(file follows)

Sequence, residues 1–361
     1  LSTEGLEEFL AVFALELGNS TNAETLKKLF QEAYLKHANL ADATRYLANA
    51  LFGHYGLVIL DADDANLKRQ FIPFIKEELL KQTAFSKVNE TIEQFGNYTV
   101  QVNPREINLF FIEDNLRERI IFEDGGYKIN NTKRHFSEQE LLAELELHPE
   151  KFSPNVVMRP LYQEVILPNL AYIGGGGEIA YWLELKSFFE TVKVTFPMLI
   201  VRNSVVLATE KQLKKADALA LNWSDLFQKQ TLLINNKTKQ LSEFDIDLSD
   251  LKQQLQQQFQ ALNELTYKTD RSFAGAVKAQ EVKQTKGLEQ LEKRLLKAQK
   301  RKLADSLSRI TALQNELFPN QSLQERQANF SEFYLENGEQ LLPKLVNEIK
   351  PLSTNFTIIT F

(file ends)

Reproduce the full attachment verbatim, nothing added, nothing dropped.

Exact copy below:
Sequence, residues 1–361
     1  LSTEGLEEFL AVFALELGNS TNAETLKKLF QEAYLKHANL ADATRYLANA
    51  LFGHYGLVIL DADDANLKRQ FIPFIKEELL KQTAFSKVNE TIEQFGNYTV
   101  QVNPREINLF FIEDNLRERI IFEDGGYKIN NTKRHFSEQE LLAELELHPE
   151  KFSPNVVMRP LYQEVILPNL AYIGGGGEIA YWLELKSFFE TVKVTFPMLI
   201  VRNSVVLATE KQLKKADALA LNWSDLFQKQ TLLINNKTKQ LSEFDIDLSD
   251  LKQQLQQQFQ ALNELTYKTD RSFAGAVKAQ EVKQTKGLEQ LEKRLLKAQK
   301  RKLADSLSRI TALQNELFPN QSLQERQANF SEFYLENGEQ LLPKLVNEIK
   351  PLSTNFTIIT F